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Butyrate, a short-chain fatty acid, may suppress colon cancer growth.

Colon cancer is one of the leading causes of death in developed nations. Health experts attribute much of the risks associated with colon cancer to dietary patterns, especially those that are high in red meat and low in fruits, vegetables, and fiber. Findings from a 2009 study suggest that butyrate, a short-chain fatty acid, activates a protein called GPR109A in the colon to suppress colon cancer.

Short-chain fatty acids are produced by the gut microbiota during the fermentation of dietary fiber. In turn, these fatty acids provide energy to cells in the colon and play key roles in maintaining gut health. Butyrate, in particular, functions as a tumor suppressor by inhibiting enzymes called histone deacetylases, which drive tumor growth.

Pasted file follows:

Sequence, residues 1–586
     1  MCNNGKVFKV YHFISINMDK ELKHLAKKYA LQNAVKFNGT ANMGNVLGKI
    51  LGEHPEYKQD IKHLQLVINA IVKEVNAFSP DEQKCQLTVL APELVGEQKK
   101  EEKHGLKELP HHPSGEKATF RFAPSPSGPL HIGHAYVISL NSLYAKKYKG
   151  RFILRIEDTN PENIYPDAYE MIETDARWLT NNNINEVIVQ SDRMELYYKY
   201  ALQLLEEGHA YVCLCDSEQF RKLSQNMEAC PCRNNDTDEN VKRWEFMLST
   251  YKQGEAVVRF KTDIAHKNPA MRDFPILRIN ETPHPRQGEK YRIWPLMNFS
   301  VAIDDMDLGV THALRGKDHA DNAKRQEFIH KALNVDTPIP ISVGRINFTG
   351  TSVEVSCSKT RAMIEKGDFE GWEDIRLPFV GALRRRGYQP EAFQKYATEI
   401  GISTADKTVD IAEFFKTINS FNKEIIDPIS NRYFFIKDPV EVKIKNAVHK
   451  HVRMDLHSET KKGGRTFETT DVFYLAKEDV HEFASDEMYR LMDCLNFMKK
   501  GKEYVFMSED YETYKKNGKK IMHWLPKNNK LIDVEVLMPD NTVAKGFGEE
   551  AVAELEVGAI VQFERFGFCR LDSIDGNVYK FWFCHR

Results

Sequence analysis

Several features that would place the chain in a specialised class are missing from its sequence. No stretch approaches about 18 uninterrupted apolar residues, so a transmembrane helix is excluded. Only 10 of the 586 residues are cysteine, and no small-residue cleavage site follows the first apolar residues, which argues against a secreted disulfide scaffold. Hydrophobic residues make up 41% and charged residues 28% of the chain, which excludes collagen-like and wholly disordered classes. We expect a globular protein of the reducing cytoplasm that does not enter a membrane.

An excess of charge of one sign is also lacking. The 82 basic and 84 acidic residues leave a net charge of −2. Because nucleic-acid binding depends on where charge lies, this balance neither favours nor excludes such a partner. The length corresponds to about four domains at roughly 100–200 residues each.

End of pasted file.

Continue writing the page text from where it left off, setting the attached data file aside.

The investigators assessed the production of GPR109A in the colon tissues of mice and humans (with and without colon cancer) using monoclonal antibodies that targeted the protein. Then they determined whether butyrate bound to GPR109A and how the fatty acid influenced tumor growth. Finally, they gauged the effects of butyrate on cancer cell growth and progression.

They found that GPR109A was present on the surface of cells in the colons of both mice and humans, where it recognized and bound with butyrate. In the setting of cancer, GPR109A activity was silenced, effectively shutting down its activity. Supplying butyrate switched on the activity of GPR109A, which in turn promoted the death of cancer cells and suppressed the activity of nuclear factor-κB, a transcription factor that drives inflammation and tumor growth.

These findings suggest that GPR109A mediates the tumor-suppressive effects of butyrate in the colon. Interestingly, evidence indicates that beta-hydroxybutyrate, a type of ketone, also binds with GPR109A, suggesting that the compound exerts anticancer properties in the colon. Learn more about the beneficial health effects of butyrate and beta-hydroxybutyrate in our overview articles.

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